Nati Harnik/Associated Press
Legendary Arizona State baseball coach and College Baseball Hall of Famer Bobby Winkles died Friday at the age of 90, according to Jeff Metcalfe of the Arizona Republic.
Winkles became the first varsity baseball head coach at ASU in 1958 and remained in that role through 1971. Winkles went a remarkable 524-173 with the Sun Devils and led them to three national championships in 1965, 1967 and 1969.
He also went on to manage the California Angels and Oakland Athletics, and later became a player development coach and then television analyst for the Montreal Expos.
The cause of death was not immediately made available.
Winkles was a native of Arkansas who was known for his tough coaching style, but he believed the way he coached set his players up for success later in life, per Metcalfe:
“I figure I was the least guy on the team as far as winning a game was concerned. I was tough, but I didn’t care what you think about me while you’re HERE. I wanted to find out 10 years after you’re gone what you think. We did not have many guys that were not very successful in life after they finished college. They were students first and baseball players third and secondly they were gentlemen.”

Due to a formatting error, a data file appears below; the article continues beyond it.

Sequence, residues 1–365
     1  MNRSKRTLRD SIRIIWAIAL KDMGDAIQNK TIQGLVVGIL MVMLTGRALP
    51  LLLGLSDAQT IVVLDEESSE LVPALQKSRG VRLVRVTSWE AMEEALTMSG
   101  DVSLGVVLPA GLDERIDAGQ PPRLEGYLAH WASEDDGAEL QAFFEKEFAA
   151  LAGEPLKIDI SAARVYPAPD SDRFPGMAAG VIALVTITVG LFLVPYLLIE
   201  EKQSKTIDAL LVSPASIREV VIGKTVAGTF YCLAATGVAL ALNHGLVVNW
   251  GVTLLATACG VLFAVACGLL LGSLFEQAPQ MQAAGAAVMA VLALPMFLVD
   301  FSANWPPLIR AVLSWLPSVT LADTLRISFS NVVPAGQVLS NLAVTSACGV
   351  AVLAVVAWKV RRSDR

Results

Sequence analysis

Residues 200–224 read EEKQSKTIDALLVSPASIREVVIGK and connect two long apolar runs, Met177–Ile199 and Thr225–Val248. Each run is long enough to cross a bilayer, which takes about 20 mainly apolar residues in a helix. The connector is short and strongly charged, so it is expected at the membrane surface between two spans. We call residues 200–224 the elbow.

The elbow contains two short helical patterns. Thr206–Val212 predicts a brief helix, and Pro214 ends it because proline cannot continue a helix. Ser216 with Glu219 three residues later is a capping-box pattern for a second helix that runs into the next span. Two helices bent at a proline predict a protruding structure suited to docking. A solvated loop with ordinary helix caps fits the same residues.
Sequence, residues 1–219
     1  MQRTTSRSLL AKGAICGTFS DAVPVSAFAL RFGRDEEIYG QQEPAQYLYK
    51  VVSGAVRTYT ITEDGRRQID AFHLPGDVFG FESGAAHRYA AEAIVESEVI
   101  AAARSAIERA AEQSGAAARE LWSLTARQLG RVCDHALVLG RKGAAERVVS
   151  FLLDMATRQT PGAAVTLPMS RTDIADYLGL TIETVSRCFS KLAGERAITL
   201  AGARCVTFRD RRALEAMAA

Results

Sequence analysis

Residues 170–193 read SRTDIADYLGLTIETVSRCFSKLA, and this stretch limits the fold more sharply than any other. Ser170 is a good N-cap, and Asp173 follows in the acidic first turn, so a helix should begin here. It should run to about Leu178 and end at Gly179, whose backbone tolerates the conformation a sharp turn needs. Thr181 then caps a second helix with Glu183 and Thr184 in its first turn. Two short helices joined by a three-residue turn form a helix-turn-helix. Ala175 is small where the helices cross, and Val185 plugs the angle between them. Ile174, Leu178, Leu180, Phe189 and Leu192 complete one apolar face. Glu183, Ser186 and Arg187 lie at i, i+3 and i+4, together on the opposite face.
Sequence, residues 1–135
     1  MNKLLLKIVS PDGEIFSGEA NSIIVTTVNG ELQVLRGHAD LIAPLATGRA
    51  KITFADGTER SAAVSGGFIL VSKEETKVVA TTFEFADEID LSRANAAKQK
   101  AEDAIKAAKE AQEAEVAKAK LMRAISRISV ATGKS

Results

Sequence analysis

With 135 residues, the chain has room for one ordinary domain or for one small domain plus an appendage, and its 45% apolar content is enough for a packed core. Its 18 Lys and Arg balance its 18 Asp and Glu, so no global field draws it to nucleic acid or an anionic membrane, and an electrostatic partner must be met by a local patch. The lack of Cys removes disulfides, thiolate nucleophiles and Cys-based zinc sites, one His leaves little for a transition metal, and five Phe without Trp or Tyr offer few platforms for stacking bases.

In addition to winning three national titles, Winkles coached four National Player of the Year award winners in Reggie Jackson, Rick Monday, Gary Gentry and Paul Ray Powell. All of them went on to play in MLB, and Jackson was inducted into the Baseball Hall of Fame after hitting 563 home runs and winning five World Series championships.
Winkles wasn’t as successful as a manager in MLB as he was during his time as a head coach at ASU. He went 109-127 in parts of two seasons with the Angels and 61-86 in parts of two seasons with the A’s for a total record of 170-213.
He still enjoyed some success at the MLB level, though, winning a World Series as the Athletics’ third base coach in 1974. Jackson, who Winkles coached at Arizona State, was a key member of that team as well.
Winkles also spent time coaching with the San Francisco Giants and Chicago White Sox, and after retiring from coaching in 1988, his stint as a broadcaster with the Expos lasted from 1989 to ’93.